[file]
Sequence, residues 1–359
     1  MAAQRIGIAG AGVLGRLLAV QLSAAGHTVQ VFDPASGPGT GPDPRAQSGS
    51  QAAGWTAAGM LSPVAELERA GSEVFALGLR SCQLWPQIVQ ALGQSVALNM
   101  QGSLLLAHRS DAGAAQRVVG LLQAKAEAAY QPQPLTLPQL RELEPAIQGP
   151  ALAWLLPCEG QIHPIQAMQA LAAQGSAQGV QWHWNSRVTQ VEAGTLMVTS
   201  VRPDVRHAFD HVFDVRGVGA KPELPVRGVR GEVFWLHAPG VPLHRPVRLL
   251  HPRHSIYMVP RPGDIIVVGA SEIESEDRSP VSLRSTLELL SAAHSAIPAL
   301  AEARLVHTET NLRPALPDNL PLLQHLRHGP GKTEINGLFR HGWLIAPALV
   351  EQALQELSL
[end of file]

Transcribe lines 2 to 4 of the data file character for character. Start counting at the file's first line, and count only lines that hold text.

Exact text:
     1  MAAQRIGIAG AGVLGRLLAV QLSAAGHTVQ VFDPASGPGT GPDPRAQSGS
    51  QAAGWTAAGM LSPVAELERA GSEVFALGLR SCQLWPQIVQ ALGQSVALNM
   101  QGSLLLAHRS DAGAAQRVVG LLQAKAEAAY QPQPLTLPQL RELEPAIQGP